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League gets it wrong...again
Stoll receives a single game suspension for hit on White
4/15/11 - By Mike Lee -

The Los Angeles Kings received a gift from the on-ice officials on Thursday night in Game 1 of the Western Conference Quarter Finals series with the Sharks, when Jarret Stoll was allowed to remain in the game after he plowed Ian White with a blindside hit from behind. The NHL assessed the equivalent of a hand slap on Friday by suspending Stoll for one game. That suspension will be served on Saturday as the two teams square off for Game 2 in San Jose.

So much for cracking down on illegal hits that result in head injuries. So much for all the rhetoric regarding concussions and the league's insistence that cheap-shots resulting in head injuries will be cleaned up.

What's become clear is that "NHL" doesn't stand for "No Headshots League."

Ian White can attest to that. After missing the entire 2nd & 3rd period, along with the overtime session, White will not participate in Game 2. The defenseman was not available to practice on Friday because of the injury, which means Justin Braun will most likely go for the Sharks as they try to grab a 2-0 lead in the series.

If White misses any more time, it'll be an exchange that significantly favors the Kings. The Sharks acquired White right before the trade deadline in an attempt to shore up their blueline. Having him just disappear opens that hole right back up.

In the playoffs, losing a defenseman can be a back-breaker. There is so much more emphasis on defense in the playoffs, that White's absence creates immediate problems for the Sharks.

Los Angeles scored a pair of goals in the 2nd period in Game 1, which had a direct correlation to White's absence. Justin Williams goal came against the Sharks top defensive pairing of Douglas Murray and Dan Boyle, but those guys were double shifting from the start of the 2nd period on.

Given that White missed the majority of Game 1, and that he won't be playing in Game 2, I'm not sure why it's so hard to give Stoll a minimum of 2 games? The Sharks come out on the short end of the stick here, all because a player elected to use poor judgment. They are being penalized for the actions of an opposing player.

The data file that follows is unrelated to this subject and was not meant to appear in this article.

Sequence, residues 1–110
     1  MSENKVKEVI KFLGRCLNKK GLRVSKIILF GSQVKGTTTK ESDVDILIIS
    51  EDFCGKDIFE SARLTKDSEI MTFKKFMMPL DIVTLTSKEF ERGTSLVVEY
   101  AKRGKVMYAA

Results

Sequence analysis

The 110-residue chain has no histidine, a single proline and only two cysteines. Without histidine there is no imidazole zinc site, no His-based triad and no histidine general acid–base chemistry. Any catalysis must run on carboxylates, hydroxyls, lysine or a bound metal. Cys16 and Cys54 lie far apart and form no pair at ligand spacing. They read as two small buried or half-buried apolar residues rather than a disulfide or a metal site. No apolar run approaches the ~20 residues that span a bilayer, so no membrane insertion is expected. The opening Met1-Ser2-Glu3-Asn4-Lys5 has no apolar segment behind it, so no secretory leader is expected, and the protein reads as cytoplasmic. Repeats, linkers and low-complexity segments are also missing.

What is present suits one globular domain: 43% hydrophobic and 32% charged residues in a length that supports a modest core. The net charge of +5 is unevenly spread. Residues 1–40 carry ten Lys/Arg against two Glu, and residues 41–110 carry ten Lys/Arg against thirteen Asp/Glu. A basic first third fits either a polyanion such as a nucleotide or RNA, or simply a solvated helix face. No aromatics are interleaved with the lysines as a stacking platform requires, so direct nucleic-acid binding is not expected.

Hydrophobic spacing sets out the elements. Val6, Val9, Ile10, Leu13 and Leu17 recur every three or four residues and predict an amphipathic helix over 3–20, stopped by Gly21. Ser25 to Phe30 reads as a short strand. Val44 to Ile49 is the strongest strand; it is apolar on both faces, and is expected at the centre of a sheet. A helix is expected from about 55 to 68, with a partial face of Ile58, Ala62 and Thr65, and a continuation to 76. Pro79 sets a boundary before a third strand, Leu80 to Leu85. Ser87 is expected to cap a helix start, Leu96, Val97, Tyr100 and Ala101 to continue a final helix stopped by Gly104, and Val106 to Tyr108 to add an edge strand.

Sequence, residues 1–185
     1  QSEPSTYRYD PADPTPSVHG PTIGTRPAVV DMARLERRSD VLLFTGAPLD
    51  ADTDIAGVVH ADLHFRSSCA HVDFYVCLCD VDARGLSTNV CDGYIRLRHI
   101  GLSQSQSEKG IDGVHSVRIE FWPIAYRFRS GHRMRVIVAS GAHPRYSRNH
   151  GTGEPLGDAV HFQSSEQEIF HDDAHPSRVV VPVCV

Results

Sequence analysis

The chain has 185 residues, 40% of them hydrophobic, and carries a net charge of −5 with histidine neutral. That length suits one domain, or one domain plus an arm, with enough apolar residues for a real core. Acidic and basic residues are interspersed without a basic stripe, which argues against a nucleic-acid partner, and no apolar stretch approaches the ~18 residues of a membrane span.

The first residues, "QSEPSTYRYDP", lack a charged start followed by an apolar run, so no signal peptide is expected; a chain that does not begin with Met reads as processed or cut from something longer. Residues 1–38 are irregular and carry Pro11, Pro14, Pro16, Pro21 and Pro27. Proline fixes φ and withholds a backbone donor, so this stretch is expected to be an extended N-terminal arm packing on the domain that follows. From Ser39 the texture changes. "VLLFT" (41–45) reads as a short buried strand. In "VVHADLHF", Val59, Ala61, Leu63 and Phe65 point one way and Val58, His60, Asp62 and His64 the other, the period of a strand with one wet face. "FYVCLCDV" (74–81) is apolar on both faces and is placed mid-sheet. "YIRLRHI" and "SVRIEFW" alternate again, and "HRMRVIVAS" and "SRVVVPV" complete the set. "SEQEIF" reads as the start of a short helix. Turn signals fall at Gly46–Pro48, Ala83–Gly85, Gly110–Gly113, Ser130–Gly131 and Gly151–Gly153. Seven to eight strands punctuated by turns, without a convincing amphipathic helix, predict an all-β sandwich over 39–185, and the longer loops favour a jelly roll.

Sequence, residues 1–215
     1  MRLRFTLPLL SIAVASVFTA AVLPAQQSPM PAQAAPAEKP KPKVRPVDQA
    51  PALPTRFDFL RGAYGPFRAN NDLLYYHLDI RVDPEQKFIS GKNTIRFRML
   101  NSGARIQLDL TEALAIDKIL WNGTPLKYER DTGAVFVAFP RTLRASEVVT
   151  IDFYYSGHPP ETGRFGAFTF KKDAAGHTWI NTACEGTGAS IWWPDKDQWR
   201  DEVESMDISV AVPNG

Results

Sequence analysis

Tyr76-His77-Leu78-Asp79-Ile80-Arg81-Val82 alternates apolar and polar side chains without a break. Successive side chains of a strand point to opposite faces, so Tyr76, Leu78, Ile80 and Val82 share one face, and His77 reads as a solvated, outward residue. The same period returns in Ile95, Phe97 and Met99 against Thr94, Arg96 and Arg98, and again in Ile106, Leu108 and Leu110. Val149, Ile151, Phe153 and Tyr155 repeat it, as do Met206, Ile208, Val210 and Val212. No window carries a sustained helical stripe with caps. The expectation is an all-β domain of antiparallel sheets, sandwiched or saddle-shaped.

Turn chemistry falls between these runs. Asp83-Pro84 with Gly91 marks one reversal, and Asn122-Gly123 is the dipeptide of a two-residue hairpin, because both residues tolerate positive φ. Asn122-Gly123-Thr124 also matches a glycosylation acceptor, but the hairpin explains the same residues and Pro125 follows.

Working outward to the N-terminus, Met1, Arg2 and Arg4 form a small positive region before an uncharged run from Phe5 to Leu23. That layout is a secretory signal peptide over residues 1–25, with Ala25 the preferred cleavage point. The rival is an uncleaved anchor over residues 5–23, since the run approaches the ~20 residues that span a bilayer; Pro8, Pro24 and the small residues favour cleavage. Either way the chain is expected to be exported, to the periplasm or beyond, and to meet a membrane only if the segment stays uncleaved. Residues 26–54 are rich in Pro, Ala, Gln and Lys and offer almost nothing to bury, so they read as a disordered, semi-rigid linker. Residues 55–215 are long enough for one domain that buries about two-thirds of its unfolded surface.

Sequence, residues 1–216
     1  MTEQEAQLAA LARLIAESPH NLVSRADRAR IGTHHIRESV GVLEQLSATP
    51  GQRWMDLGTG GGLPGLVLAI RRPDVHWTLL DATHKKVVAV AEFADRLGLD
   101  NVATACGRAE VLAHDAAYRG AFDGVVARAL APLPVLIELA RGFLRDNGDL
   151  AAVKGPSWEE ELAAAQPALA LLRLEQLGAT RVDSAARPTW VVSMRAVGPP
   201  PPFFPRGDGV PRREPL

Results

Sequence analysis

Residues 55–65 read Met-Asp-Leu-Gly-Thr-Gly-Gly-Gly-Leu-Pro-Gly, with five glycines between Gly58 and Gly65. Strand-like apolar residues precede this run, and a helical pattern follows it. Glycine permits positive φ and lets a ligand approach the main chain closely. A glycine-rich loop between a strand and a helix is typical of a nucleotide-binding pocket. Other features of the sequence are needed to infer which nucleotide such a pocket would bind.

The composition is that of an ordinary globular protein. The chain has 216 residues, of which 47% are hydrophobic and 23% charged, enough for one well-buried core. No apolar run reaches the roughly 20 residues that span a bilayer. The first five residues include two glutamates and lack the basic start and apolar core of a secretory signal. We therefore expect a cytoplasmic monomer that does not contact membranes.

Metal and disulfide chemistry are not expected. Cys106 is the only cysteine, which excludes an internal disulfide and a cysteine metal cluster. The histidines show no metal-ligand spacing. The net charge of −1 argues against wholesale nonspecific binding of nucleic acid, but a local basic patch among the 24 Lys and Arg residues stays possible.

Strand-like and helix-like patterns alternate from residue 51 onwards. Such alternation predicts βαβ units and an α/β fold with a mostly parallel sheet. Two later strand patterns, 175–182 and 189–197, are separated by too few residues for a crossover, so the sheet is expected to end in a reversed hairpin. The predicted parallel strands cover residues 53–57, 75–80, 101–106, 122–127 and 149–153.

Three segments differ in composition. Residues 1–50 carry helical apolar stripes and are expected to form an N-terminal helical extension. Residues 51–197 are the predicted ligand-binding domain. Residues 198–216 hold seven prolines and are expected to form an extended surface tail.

Los Angeles Kings head coach tried to spin the situation on Friday by shifting focus away from Stoll by accusing Sharks defenseman Jason Demers of committing a far worse infraction.

Let the gamesmanship begin.

Demers left his feet to apply a check to Kings forward Ryan Smyth. Murray took exception to the play, saying Demers hit was "five times more severe" than Stoll's hit.

Only problem is, the hit never landed. Smyth was falling away from the play, there was no contact to Smyth's head, and both players got up and continued to play. Ian White will have to clear league imposed concussion protocols in order to return to the ice. White will be lost for the equivalent of 2 games at minimum.

Whatever credibility Murray might have established during his association with the league is about valuable as a bag of pucks. To imply Demers miss was five time worse that Stoll egregious hit is ludicrous.

The Sharks choose to address the situation by beating the Kings. That's certainly the most pragmatic approach, but watching the Sharks playoff roster impacted by cheap shots gets old.

Raffie Torres knocked Milan Michalek out of the 2006 playoffs with a hit that would earn a 10 game suspension by today's standards. Well, make that three games. Oh hell, who knows what the league would impose today.

A series victory would certainly be nice, but what happens after that if White can't play? Injuries are part of the game, but injuries that are caused by cheap-shots are just tough to swallow. The fact that the league does nothing to try and crack down on that type of behavior is infuriating.

What's really baffling is the fact that you never hear team's say, "man, that suspension was too severe." It just doesn't happen. The penalty doesn't ever seem to fit the crime. The players know that, to there's no reason to stop committing the crime.

It's a simple concept, but it seems that the simpletons that run the league still can't ever grasp the concept.

So now we wait to see what effects the play will really have on both teams. If I had to choose, I'd rather lose a 20-goal scorer than a top 4 defenseman. The Kings are fine with the way this has all played out. Why wouldn't they? They got the better end of this raw deal.



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